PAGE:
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"Heaven's Door" - The Miracle Man

By Tzvi Fishman
11/2/2011, 8:11 AM

Here's Chapter Four of "Heaven's Door" for your reading pleasure, a book that takes the reader on a true spiritual journey, leading him to the G-d of Israel, the sublime morality of the Torah, and true happiness in life.  

Heaven's Door

Chapter Four - The Miracle Man

“Saba,” I was told, meant grandfather. The old man lived just outside of the city, at the edge of a forest, along a twisting hilly road. Here and there, small rural cabins were scattered along the scenic drive. The sage’s great great grandson, Moshe, turned off the main road and drove into a gravel driveway. He parked by a white wooden fence and got out of the car. My heart was pumping nervously as I followed him through the gate of the fence into a garden courtyard. A young man sat in a wheelchair near the door of the old, but neatly kept house.  Standing beside him was an attendant, maybe his father. A dark complexioned woman, about forty years old, wearing a kerchief, sat on a bench, her head lowered, her hands squeezed tightly together. At first glance, she looked to be either overweight or pregnant, I couldn’t tell for sure. Behind her, a man paced impatiently back and forth, holding an oversized envelope in his hand, the size of an X-ray. He was also dark skinned, like an Arab, and I guessed that they were Sefardic Jews, like the book merchant, his son, and no doubt, the old, wise man himself.

The pretty, manicured garden was filled with flowers of every shape and variety. White jasmine petals scented the air. A few large fig trees provided shade. There was a wooden picnic table covered with prayer books and Psalms. Plastic chairs were plentiful, obviously for the people who came to meet with the old-timer.  

Recognizing Baruch, the man with the X-ray started yelling in an angry, impatient tone, waving the envelope, obviously complaining about having to wait his turn on line. Embarrassed by the outburst, his wife lowered her head even further. Baruch smiled patiently, replied to the man in Hebrew, and motioned him to calm down. Frustrated, the man walked back toward his wife and sat down at the far end of the bench, as if he were angry at her as well.

“Everyone wants to see Saba immediately,” Baruch explained to me. “Sometimes people wait for hours. Before we limited the number of visitors, dozens of people would come by in a day. People even slept in tents overnight to be first on line in the morning. Saba would welcome them all, but the family doesn’t allow it anymore, to make sure he doesn’t overtax his strength.”

The door opened and Saba Yosef stepped out onto the porch, holding a cane. He was wearing a long oriental type of robe like a caftan. Its hood was pulled over his head, giving him the appearance of a “Star Wars” wizard, or a Moroccan holy man. Under the hood, a large black skullcap covered his head. He was thin, and his face was gaunt, the color of the earth. His beard was completely white, but there were still dark streaks in his moustache. His eyes were wide open, but his gaze was like a blind man’s, looking forward, but not focusing on anything in particular, as if he didn’t need his eyes to see.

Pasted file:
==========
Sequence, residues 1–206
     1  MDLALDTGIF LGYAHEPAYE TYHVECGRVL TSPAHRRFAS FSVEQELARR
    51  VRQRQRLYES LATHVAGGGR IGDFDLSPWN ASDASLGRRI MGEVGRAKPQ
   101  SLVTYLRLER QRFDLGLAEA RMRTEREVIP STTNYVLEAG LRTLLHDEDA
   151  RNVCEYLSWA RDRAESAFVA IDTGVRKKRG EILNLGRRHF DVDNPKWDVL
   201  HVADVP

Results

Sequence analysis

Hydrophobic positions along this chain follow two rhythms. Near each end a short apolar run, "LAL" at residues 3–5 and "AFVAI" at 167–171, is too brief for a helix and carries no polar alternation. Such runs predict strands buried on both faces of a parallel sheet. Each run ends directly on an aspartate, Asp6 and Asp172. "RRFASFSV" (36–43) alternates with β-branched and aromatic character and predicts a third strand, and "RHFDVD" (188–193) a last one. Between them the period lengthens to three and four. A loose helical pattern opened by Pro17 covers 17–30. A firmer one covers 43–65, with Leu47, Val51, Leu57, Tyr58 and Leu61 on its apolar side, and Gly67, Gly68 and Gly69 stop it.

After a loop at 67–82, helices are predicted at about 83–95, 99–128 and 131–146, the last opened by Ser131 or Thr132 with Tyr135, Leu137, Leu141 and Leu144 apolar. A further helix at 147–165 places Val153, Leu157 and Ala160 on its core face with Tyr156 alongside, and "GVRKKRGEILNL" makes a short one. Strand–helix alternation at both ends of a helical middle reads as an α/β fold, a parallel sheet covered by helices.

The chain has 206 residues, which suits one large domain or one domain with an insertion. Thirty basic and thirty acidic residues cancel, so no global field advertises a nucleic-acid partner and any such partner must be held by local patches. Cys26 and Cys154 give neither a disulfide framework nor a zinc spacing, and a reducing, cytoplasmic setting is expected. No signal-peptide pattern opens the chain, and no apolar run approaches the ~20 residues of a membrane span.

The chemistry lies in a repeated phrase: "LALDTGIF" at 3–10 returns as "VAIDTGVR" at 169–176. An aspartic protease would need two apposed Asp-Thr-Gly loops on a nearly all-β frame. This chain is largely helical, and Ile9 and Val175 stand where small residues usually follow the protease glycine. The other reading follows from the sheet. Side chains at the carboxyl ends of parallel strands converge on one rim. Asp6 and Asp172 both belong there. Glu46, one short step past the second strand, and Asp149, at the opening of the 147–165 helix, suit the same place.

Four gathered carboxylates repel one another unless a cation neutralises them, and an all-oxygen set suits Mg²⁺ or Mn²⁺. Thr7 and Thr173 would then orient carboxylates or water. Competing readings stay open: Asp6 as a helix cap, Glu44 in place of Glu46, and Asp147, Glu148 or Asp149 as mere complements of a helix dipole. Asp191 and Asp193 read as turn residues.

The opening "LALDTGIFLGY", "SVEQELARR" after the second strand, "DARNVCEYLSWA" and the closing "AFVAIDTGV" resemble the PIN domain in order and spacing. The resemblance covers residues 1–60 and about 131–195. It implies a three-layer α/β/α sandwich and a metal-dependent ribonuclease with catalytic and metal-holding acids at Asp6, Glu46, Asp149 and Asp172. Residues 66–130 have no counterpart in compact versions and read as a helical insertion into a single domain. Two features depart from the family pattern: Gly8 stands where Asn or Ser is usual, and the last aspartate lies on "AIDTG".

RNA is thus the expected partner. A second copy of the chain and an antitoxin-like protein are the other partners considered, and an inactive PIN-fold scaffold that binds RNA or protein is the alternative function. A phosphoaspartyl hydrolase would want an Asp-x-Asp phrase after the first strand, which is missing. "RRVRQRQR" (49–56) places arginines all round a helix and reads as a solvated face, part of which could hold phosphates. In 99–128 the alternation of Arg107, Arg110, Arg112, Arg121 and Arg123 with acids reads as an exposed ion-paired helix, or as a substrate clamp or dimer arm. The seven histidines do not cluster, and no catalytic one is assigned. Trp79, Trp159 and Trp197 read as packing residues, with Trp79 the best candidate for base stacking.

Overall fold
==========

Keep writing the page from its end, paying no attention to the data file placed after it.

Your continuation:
Lech lech,” he called out in Hebrew, motioning with his hand, as if to shoo someone from the house.

A man, who would have been considered old by normal standards, appeared uncertainly in the doorway, hesitant about leaving the cottage. His hand reached out for the cane, but Saba Yosef held it away.

Atah lo tzarik et zeh,” he assured him in Hebrew.

The man looked at him with pleading eyes and let out a begging appeal, once again reaching his hand out for the cane, as if he were afraid to walk without it.

The sage smiled with a twinkling grin that lit up his face. His face seemed to crinkle with pleasure. Again, he made a shooing motion with his hand, sending the visitor on his way.

“Saba wants the man to walk on his own,” his great grandson explained. “He says he doesn’t need his cane anymore.”

The elderly man gazed at the two short stairs leading down from the porch, as if he were poised on the peak of some high mountain. Fearfully, he took a frightened step forward.

“He could fall,” I said, instinctively moving forward to help. But Baruch grabbed my arm.

“Don’t worry, Saba knows what he is doing. He has a whole collection of canes that he has taken away from people who were certain they couldn’t walk without them.”

Following the sage’s commands, the old man moved forward and walked down the steps of the porch, his arms outstretched as if he were about to fall. But he made it. At a command from Saba Yosef, the man straightened his back, lifted his head, and walked forward without bending over. Still uncertain, he glanced appealingly back toward the cottage, but Saba Yosef waved him on like a cop directing traffic. By the time the former cripple reached the gate of the garden, he was walking naturally on his own.

“I need my cane more than I need my wife,” he said to Baruch in Hebrew.

“Don’t worry. You will be fine,” Baruch assured him.